South Africa’s private-sector activity slows to 20-month low in December

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JOHANNESBURG, Jan 4 (Reuters) – South African private-sector economic activity contracted for a fifth consecutive month in December as factory output and new orders fell, a survey showed on Thursday.

The Standard Bank Purchasing Managers’ Index (PMI), compiled by IHS Markit, fell to 48.4 in December from 48.8 in November, staying below the 50 mark that separates expansion from

contraction for a fifth straight month. It was the lowest reading April 2016.

Lack of demand and therefore output led companies to continue to cut workforce numbers, purchasing activity and inventories. The country shed 83 000 formal jobs between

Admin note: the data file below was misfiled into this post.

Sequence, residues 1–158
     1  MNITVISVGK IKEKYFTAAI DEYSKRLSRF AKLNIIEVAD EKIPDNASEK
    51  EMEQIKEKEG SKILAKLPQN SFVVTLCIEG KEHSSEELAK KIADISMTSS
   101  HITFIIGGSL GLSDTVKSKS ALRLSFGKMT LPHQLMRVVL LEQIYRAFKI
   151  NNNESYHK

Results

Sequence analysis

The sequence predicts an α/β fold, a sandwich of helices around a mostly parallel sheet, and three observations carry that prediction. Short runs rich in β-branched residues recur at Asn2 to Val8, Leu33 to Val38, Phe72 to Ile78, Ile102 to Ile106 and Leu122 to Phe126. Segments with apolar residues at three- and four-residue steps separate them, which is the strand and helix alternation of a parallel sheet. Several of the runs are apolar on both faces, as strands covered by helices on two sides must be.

September 2016 and September 2017, Statistics South Africa said in December.

A reduction in business activity was the main influence over the decline in business conditions, the survey said.

Contractions in output were linked to a lack of client demand and challenging market conditions, it said.

Africa’s most industrialised economy emerged from a recession in the second half of 2017, but growth is expected to remain subdued following credit downgrades to “junk” by S&P Global and Fitch. Business and consumer confidence remain at record lows.

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